Published On: Sun, Jun 11th, 2017

Sugar lobby groups at odds with Trump administration over new Mexico pact

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A new deal between the U.S. and Mexico on sugar exports may have averted a costly trade war. But it’s also sparked a fierce battle between the Trump administration and some of America’s largest food companies, who claim Tuesday’s agreement will harm their businesses and ratchet up food costs for consumers.

Under the preliminary agreement, Mexico will accept a new minimum price for the sugar it sells to the U.S. and restrict the amount of refined sugar it exports, measures that will maintain high sugar prices for domestic producers.

But while those concessions were immediately celebrated as a victory for the U.S. — and for U.S. sugarcane and sugar beet farmers, in particular — it’s been panned by representatives of the processed food, confectionery and soda industries, who have long fought federal protections of domestic sugar.
Mexican sugar cane workers load a truck in a Nayarit state. (PHOTO: Bloomberg)

Mexican sugar cane workers load a truck in a Nayarit state. (PHOTO: Bloomberg)

The dispute pits some of America’s largest food companies against one of its most powerful agricultural lobbies — and against the Trump administration itself. In doing so, it also exposes a central paradox in President Trump’s aggressive, “America first” trade approach: Any policy that benefits some U.S. firms will also, inevitably, hurt others.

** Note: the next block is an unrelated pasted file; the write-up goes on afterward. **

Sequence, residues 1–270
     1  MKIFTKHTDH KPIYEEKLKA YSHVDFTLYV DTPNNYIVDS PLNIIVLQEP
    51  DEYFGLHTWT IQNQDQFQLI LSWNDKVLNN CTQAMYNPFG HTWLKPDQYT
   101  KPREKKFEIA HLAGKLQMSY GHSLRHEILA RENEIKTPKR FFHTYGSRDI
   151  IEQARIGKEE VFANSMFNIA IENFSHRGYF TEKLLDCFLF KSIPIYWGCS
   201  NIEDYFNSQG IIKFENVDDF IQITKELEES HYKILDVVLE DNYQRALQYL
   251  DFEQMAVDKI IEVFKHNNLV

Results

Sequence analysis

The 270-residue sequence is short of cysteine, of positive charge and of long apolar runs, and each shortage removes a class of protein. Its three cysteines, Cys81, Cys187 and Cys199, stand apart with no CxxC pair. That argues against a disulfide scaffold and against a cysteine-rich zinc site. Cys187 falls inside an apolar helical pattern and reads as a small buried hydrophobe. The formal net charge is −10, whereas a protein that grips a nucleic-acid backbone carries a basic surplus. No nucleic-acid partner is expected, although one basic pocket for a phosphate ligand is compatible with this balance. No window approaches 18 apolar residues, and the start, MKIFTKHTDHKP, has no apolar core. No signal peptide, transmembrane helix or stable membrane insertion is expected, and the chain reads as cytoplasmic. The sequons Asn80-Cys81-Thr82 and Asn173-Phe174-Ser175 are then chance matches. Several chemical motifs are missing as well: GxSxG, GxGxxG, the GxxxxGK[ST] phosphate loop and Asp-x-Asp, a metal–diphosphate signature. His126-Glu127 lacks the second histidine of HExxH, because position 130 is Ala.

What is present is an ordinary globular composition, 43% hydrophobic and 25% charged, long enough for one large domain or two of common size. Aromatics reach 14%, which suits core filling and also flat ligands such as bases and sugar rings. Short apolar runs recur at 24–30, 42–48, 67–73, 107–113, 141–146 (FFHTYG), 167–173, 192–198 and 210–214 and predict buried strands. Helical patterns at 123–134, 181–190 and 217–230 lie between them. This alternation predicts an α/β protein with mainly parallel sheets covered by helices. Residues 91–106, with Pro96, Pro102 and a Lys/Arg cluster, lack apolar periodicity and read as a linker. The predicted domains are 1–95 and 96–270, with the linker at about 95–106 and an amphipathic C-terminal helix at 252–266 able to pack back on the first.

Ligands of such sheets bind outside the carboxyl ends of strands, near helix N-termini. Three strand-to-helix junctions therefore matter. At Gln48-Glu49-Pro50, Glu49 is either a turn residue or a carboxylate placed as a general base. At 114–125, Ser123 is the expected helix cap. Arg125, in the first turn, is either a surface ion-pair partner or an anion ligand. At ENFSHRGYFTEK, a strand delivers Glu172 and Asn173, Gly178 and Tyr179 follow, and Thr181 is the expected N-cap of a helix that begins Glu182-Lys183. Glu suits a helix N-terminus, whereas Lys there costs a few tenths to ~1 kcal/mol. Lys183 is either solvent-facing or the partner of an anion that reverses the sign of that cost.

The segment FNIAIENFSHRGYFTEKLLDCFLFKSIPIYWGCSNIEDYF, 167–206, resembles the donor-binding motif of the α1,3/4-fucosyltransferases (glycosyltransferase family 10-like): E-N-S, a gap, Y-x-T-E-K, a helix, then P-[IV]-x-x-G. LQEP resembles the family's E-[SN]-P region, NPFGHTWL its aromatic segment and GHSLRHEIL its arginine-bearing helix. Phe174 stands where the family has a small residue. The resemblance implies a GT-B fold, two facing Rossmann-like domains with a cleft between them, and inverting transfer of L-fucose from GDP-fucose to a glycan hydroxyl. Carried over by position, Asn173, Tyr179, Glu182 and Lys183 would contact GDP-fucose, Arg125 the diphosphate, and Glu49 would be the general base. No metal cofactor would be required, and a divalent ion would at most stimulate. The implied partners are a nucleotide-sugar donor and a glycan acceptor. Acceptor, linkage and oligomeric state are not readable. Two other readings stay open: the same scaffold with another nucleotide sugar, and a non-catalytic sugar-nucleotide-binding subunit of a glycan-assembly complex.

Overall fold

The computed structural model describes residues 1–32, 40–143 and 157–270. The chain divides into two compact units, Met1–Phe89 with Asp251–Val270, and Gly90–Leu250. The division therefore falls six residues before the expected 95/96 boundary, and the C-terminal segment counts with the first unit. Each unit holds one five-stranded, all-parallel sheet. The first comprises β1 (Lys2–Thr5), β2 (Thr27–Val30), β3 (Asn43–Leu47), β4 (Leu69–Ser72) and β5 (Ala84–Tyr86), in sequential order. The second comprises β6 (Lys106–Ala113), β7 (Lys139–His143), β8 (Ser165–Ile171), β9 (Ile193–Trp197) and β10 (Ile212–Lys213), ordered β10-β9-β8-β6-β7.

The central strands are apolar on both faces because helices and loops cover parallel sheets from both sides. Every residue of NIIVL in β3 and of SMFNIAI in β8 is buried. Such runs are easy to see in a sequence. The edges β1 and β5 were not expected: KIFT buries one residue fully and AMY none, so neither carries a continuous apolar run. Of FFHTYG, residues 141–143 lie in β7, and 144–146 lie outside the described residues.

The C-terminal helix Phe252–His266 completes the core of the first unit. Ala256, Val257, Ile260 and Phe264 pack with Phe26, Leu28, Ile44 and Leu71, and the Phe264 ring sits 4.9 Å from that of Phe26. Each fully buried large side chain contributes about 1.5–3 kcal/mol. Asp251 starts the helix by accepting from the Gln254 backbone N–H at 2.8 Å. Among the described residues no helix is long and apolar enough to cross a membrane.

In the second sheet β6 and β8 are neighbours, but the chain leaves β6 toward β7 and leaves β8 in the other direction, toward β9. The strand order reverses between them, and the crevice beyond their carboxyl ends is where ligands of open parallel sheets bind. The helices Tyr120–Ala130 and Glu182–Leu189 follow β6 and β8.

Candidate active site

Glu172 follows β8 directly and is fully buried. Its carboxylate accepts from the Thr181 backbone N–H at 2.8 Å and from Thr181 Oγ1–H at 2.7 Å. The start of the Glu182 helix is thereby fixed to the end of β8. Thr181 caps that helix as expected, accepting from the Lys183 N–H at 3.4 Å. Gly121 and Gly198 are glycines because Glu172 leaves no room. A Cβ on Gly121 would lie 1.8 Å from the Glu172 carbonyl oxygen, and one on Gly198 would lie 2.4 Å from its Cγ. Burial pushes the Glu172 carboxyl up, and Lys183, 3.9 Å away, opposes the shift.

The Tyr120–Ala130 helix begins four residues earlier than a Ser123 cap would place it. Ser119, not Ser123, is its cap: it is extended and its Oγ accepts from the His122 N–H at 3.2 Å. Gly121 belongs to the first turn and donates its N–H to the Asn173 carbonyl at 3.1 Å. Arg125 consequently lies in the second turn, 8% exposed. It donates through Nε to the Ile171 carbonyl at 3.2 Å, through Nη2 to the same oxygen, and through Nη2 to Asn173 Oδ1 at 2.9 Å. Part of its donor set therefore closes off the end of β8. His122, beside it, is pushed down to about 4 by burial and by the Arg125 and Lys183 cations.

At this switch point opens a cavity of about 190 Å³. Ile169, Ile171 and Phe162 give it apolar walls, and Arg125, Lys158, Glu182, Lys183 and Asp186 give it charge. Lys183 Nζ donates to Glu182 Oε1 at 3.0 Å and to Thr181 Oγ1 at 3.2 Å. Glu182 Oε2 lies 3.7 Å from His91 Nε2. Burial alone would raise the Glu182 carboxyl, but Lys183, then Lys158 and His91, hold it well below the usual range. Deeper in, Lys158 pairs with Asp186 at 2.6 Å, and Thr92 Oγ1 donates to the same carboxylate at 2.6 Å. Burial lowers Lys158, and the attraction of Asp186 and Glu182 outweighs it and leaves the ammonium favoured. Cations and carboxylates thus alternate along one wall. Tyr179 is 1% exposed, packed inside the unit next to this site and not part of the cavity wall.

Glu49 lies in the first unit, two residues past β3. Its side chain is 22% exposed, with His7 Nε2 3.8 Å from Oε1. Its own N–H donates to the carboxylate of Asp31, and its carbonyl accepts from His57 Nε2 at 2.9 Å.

“Today’s announcement is a bad deal for hardworking Americans and exemplifies the worst form of crony capitalism,” said the Coalition for Sugar Reform — which represents Coca-Cola, Nestle, Kraft Heinz and hundreds of other food companies — in an incendiary statement. “U.S. sugar policy should empower America’s food and beverage companies to create more jobs, not put hundreds of thousands of good-paying U.S. jobs at risk just to benefit one small interest group.”

From the food industry’s perspective, this agreement — and the controversial U.S. sugar-support policy that it represents — artificially inflates U.S. sugar prices to points far above the world market. According to the Department of Agriculture’s Economic Research Service, which measures price according to futures contracts, the world price for both raw and refined sugar is lower than the respective U.S. raw and refined sugar prices.

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